When Is a Prince Not a "Prince"? Part II

The comment thread on the first post on this issue has morphed into a good, but off-topic discussion of who gets to call art "art," but to permit for a thread on the question of whether an artist can declare some previous "art" of theirs now no longer their "art," I wanted to share this quote from the introduction of the catalogue for the exhibition in question, Fugitive Artist: The Early Work of Richard Prince, 1974-77, at the Neuberger Museum. [Reprinted with permission of the curator, Michael Lobel]:
We can certainly allow that there are categories of work that should not be included in the official record, or that at the very least have an ambiguous status: student works, for instance, or pieces that never leave the studio and thus are never fully realized or executed. But once a work has been executed and exhibited and written about, and perhaps even bought and sold, are we really to allow an artist to edit or erase the historical record? My short answer is no.
My long answer (as long as I think it really needs to be) is also "no." But I'll explain.

History belongs to the public, not the artist. Revisionism might be tempting, but it's intellectually dishonest, and smacks of an irritating insecurity. The responsible time to decide whether one wants a work to be recorded as one's own is before it's exhibited, written about and/or sold...not after. Yes things happen, and so once it's sold, the artist can still change their mind, but only, IMO, by buying back the work at current market value.

Someone on yesterday's thread suggested there's no harm really to the collector or gallery if an artist rescinds authorship (they still have the piece and they still know they exhibited it), but that's to suggest, in part, that the collector and gallery are there solely to serve the artist's possibly ever-changing whims. Perhaps there's a certain cachet in certain quarters to owning or having exhibited an unendorsed Prince, but that's not what the collector or gallery signed up for. To minimize as insignificant the impact of having a work rejected for the catalogue raisonné or an exhibition deleted from the history books or whatever else might follow such an action by the artist is to suggest the collector and gallerist are irrelevant players in art history.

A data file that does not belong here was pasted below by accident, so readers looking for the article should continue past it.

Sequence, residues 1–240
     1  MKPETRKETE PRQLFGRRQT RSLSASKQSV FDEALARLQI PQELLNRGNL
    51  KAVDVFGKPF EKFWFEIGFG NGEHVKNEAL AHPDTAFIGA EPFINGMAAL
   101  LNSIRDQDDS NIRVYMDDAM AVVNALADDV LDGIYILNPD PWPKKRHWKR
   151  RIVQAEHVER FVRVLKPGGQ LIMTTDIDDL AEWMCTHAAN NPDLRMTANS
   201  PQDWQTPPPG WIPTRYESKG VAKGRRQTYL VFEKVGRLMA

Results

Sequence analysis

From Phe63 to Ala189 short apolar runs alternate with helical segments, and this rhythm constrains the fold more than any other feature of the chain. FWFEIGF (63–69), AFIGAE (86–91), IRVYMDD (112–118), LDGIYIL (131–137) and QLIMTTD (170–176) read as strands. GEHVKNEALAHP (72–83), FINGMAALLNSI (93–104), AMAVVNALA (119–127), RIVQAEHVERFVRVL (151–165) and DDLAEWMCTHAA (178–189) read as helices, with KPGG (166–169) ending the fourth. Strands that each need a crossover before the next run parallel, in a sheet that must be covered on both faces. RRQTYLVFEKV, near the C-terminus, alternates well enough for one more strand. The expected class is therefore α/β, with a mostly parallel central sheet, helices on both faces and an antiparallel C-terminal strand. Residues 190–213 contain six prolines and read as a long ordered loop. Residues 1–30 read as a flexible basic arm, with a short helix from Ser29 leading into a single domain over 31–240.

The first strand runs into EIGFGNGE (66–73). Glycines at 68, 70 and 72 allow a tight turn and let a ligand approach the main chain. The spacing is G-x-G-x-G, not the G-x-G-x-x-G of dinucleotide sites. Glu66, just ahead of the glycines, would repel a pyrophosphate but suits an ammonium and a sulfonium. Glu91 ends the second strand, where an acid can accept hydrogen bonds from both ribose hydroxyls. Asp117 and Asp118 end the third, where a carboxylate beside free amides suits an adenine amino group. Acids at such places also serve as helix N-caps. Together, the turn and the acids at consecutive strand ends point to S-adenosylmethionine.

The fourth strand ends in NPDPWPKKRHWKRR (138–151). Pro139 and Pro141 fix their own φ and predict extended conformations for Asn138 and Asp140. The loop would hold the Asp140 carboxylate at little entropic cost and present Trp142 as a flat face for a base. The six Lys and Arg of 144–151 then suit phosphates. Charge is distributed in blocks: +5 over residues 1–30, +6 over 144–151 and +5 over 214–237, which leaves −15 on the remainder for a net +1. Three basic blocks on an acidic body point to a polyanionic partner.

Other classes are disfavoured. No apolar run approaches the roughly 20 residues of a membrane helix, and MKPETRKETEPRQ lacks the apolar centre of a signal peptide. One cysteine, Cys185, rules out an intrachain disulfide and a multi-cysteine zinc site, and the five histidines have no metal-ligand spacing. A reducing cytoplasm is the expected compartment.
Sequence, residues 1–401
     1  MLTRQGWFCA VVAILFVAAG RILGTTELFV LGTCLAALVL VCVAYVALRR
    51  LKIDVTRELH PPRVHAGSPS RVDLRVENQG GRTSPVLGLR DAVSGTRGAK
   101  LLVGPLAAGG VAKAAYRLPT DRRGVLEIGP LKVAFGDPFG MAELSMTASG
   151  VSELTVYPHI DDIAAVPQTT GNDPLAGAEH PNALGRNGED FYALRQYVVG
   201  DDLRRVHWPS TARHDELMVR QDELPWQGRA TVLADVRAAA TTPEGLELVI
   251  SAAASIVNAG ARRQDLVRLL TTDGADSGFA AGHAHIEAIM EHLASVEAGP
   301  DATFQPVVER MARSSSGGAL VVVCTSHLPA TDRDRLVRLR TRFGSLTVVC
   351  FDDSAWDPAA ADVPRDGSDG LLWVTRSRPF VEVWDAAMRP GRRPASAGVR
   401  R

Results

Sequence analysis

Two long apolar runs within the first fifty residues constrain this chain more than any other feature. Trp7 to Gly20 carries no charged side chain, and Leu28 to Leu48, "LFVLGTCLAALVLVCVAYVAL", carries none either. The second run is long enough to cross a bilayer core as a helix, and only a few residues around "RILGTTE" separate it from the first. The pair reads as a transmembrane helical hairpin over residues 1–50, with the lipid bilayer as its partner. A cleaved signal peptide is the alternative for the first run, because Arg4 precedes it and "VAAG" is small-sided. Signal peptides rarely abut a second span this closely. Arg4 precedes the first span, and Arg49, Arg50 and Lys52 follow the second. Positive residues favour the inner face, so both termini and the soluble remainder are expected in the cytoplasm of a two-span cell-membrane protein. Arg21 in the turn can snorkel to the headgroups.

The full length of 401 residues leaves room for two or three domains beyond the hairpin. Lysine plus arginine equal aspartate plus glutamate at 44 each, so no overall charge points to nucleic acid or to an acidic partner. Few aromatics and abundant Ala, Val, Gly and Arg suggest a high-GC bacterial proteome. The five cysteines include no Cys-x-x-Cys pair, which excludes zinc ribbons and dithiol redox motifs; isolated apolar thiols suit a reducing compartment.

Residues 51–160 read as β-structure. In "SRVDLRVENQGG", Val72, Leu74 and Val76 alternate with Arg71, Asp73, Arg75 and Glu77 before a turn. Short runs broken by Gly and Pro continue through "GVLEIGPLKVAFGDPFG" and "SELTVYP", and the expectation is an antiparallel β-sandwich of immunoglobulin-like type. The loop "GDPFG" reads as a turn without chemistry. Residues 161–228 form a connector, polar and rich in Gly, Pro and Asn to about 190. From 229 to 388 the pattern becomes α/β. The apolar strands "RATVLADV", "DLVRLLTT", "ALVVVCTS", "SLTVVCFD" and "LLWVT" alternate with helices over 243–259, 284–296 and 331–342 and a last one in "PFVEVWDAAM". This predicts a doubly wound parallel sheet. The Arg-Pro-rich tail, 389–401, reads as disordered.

Most galleries are run by true believers (there are much easier businesses to get rich in), and collectors can spend their money on an endless supply of other things. I see it as an insult to minimize their respective roles to the point that their contributions to supporting an artist's career are viewed as a gift to them by said artist. Yes, I'll permit you to worship me.

There's no other industry I can think of where producers are treated as such minor players (in film, music, publishing, etc., the folks who prove their faith in an artist by putting up the money are paid more respect that this, and legally entitled to have their name associated with the project forever...who collects the Oscar for best picture?...the Producer). It's not a perfect parallel, I realize, but comparatively, it's a very small thing collectors and gallerists ask of fine artists: don't unendorse a piece I bought and don't delete the exhibition I gave you from your CV. Seriously, how freakin' hard is that? You had the show...you sold the work. Live with it.


Art Joke Bumper Sticker Contest

OK, so the bar was set pretty darn high with Oriane's gift on yesterday's thread:

those who can do. those who can't duchamp.

but per request, let's see what other zingers you've got in your repetoires. My new fave is an actual bumper sticker that's been around for a while (circa 1977) but I only saw recently at the Art Institute:

If you like conceptual art think about honking.
Winner will be offered a toast with this exquisite Kyrgyz cognac we brought back and keep in the gallery (so long as you stop in to visit and collect...we can't mail it). If you don't like Kyrgyz cognac (and how would anyone know, eh?) we'll come up with another prize (a mailable one for those not in NYC).

Today, let's have the submissions...we'll vote tomorrow.

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Tuesday, February 13, 2007

When Is a Prince Not a "Prince"?